MEMPHIS, Tenn. (WREG) — Memphis and the Mid-South are facing a second consecutive year of historic low water levels on the Mississippi River with minimal rainfall in the forecast to provide any relief.

The U.S. Army Corps of Engineers said in Memphis on Wednesday they have a plan of action.

“We know low water is here to stay for a while,” said Col. Brian D. Sawser with the USACE.

The record low-water is impacting navigation, commerce, barge traffic and farmers.

“The approximate value of these good and commodities that move up and down the Missisippi River is just short of $200 billion annually,” said Zack Cook, River Improvement Manager with USACE.

The low water is almost a repeat performance of what many saw in 2022, when hundreds of barges sat idle along the river because of shallow water.

“I think the good news is, we had almost a game plan from seeing this happen last year,” said Donny Davidson, Chief Civilian Deputy with USACE. “Usually we’d count on this happening about every decade, but not back to back.”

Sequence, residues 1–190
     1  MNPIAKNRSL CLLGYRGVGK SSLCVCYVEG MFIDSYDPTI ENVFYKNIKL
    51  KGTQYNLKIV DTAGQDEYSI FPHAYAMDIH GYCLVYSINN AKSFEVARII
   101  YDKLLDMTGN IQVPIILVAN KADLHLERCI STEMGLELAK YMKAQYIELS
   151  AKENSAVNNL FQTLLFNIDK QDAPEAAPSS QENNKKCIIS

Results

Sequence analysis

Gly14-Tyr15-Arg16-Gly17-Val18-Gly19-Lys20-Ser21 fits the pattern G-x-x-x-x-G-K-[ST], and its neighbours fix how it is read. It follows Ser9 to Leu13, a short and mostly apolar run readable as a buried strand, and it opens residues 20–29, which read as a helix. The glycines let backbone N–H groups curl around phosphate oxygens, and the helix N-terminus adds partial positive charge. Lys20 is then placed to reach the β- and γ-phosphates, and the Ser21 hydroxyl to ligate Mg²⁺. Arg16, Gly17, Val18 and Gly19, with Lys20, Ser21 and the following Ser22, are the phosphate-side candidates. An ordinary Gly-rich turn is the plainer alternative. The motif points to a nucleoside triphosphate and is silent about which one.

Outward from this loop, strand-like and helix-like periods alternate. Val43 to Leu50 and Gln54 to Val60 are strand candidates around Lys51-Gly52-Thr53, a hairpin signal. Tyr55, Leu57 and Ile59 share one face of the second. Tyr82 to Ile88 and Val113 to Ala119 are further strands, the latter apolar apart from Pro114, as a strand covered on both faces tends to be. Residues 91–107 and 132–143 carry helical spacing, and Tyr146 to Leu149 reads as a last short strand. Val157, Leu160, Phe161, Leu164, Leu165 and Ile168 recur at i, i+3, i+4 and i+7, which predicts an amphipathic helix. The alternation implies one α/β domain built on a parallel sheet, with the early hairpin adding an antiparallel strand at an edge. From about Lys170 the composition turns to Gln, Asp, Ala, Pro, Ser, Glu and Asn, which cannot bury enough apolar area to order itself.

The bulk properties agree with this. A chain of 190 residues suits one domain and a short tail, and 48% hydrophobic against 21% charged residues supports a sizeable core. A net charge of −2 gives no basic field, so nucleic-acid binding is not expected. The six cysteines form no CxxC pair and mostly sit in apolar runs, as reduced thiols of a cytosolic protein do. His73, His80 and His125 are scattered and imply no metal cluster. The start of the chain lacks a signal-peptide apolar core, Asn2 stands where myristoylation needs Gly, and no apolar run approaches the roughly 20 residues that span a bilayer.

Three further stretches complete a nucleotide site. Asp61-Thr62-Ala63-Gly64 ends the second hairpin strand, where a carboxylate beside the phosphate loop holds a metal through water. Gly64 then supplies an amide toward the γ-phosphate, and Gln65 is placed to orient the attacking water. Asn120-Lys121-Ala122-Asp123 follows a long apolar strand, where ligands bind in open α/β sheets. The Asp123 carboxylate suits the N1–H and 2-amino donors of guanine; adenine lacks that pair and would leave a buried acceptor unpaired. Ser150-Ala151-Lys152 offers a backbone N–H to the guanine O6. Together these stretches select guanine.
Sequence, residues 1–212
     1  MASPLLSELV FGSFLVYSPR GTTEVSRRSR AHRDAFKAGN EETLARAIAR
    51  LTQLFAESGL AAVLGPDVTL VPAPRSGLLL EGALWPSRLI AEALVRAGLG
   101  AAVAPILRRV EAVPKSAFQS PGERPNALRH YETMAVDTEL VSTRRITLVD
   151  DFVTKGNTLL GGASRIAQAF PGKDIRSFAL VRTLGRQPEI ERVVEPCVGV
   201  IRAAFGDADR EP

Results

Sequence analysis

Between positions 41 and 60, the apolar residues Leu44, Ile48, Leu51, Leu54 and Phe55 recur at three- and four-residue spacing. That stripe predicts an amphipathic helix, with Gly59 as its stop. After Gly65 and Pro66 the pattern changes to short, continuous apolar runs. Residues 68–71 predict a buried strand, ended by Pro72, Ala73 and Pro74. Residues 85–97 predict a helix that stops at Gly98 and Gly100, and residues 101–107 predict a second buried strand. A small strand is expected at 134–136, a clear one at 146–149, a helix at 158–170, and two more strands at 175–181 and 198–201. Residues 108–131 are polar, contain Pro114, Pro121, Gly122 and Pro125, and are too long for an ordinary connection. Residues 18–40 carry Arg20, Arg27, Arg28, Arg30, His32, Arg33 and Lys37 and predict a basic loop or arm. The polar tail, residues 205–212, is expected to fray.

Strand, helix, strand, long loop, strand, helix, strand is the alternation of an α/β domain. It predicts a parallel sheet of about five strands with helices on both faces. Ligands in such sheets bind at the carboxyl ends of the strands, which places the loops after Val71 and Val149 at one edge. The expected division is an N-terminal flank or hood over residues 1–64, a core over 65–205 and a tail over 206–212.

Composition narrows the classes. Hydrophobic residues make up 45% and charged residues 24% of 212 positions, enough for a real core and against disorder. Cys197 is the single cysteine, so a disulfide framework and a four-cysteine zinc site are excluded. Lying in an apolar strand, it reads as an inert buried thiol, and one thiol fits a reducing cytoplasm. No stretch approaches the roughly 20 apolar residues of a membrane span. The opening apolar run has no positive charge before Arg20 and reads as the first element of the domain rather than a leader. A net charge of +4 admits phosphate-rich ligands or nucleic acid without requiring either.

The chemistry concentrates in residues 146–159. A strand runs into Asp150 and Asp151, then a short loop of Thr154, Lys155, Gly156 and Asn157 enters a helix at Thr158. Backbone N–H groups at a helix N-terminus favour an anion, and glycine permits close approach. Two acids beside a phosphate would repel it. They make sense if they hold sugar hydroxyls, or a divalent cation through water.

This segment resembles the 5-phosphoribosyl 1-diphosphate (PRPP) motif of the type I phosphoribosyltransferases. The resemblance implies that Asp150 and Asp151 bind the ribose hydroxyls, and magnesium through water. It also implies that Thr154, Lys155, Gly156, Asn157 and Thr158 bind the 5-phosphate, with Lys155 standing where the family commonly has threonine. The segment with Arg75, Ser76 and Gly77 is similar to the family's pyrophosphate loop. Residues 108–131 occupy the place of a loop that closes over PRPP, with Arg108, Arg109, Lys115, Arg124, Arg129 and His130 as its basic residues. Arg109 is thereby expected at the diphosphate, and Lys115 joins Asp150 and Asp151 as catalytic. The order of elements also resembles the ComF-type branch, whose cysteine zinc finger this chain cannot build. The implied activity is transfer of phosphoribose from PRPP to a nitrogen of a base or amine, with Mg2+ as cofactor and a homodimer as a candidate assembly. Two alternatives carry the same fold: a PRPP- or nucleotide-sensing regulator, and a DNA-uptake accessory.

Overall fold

The Corps of Engineers says it is addressing plans to keep the navigation channel safe, open and commerce moving on the river with routine dredges, removing sediment and debris from the riverbed.

“We will bring in dredges to remove that sediment to a different portion of the river to reopen that channel, the highway, if you will,” Sawser said.

For now, the Mississippi River, one of the key trade routes in the country, apparently won’t see any major relief any time soon from Mother Nature, but the Corps of Engineers says it’ll be there to lend a hand.

“We are making the mission happen. I’m not saying it doesn’t come with challenges. I’m not saying there are not economic effects, but the river is still open for business,” Sawser said.